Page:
Apr 29, 2013, 6:30 PM EDT
The biggest story of the day has arguably been Jason Collins, who came out publicly in a SportsIllustrated.com piece that was posted Monday morning. As a result, he became the first openly-gay athlete to currently be playing in one of the four major sports in the United States.
Shortly after, statements from dignitaries, both in and out of sports, came rolling in. Social media platforms and websites had messages from a lot of places and people, but in college basketball, Collins received some of the first supporting messages from his former coaches and teammates at Stanford.
Eric Reveno, who currently serves as coach at Portland and spent nine seasons as an assistant under Mike Montgomery at Stanford, coaching Collins throughout his four years on campus, tweeted out a message of support.
As a former Stanford player and coach, its a proud day.Proud of Jason’s courage/leadership and amazing response on email by his teammates.
— Eric Reveno (@CoachReveno) April 29, 2013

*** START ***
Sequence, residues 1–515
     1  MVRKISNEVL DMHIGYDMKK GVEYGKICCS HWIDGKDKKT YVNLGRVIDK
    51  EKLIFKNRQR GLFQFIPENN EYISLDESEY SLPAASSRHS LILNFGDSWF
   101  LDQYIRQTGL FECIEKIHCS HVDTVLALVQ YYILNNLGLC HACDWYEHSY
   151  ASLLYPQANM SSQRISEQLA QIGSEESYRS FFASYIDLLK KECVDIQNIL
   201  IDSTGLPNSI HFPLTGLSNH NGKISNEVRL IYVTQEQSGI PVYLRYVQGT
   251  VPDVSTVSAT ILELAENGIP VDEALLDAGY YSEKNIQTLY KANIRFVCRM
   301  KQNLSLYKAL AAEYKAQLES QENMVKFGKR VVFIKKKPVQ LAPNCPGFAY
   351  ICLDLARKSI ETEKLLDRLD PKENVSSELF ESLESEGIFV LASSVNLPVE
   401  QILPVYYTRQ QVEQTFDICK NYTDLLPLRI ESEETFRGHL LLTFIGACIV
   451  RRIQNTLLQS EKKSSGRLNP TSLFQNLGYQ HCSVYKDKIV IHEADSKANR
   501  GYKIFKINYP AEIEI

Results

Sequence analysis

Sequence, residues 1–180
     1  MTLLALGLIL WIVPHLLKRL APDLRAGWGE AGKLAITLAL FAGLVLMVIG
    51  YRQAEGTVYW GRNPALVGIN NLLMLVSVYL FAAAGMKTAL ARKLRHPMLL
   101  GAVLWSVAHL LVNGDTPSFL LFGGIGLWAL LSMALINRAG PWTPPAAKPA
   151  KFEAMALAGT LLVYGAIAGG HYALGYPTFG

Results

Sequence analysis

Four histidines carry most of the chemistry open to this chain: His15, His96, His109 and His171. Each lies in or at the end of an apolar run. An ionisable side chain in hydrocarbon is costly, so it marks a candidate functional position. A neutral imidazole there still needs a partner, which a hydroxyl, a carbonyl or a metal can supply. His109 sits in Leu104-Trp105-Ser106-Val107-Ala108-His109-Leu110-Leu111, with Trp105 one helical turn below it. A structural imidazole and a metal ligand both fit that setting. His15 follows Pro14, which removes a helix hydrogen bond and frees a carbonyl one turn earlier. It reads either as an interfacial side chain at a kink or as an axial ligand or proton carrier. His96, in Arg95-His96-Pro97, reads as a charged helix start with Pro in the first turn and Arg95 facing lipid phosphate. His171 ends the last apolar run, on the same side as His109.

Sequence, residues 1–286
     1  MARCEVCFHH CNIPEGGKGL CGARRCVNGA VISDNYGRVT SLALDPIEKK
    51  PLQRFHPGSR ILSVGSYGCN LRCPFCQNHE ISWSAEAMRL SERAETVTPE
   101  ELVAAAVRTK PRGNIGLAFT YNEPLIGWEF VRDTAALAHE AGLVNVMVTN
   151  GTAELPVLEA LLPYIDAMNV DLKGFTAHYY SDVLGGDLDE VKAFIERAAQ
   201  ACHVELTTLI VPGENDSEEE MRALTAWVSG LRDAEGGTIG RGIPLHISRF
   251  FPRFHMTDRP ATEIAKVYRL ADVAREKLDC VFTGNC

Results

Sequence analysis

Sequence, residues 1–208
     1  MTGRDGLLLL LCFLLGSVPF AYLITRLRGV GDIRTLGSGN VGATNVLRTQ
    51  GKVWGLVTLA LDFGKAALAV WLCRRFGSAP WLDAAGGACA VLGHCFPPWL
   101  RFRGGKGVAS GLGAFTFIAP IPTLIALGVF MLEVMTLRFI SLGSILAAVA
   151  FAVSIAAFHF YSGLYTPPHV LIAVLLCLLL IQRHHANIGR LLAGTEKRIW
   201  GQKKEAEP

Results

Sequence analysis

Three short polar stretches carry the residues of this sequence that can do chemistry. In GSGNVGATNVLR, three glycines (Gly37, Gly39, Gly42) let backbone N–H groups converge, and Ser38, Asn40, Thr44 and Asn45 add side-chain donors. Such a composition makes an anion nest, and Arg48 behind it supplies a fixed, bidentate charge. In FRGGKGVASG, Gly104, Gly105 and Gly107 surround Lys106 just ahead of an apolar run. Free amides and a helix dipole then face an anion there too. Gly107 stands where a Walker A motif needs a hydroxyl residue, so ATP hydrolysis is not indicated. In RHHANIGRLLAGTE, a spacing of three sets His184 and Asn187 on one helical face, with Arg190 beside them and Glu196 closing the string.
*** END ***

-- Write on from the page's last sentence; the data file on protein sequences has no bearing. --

Other well-wishers came in the form of statements, such as Stanford Athletic Director Bernard Muir, who assumed his role last year at the school.
“I am proud to hear that Jason, one of our Stanford sons, has taken a leadership role on this topic. I applaud his decision to be true to his identity and, from his own words, start this conversation in major professional sports. On behalf of a diverse athletic community I hope that we progress to the point in society where truthful moments like these are no longer newsworthy.”
Collins’ teammate while with the Cardinal, Mark Madsen, echoed a similar statement. Madsen is currently an assistant coach with the program.
In tweet form:
Played NBA +college w/ @jasoncollins34 -tremendous human being and PHENOMENAL teammate, leader, friend.Look forward 2his continued success!
— Mark Madsen (@madsen_mark) April 29, 2013
“Jason Collins is one of the greatest people you will ever meet in your life,” Madsen said. “He is one of my all-time favorite teammates, both here at Stanford and for one season together in the NBA with Minnesota. What stands out to me about Jason is his leadership and sense of humor. Even at Stanford, Jason was involved with campus life outside of basketball. On NBA teams, he was a guy who kept everything loose and was able to bridge a lot of different gaps, whether it was international players, veterans or rookies. Basketball does not define Jason Collins. His decision to come out publicly doesn’t define Jason Collins. What defines Jason, is he is a first-rate human being who made a huge contribution to this University, and every team or community he has been a part of.”
Follow David Harten on Twitter at @David_Harten
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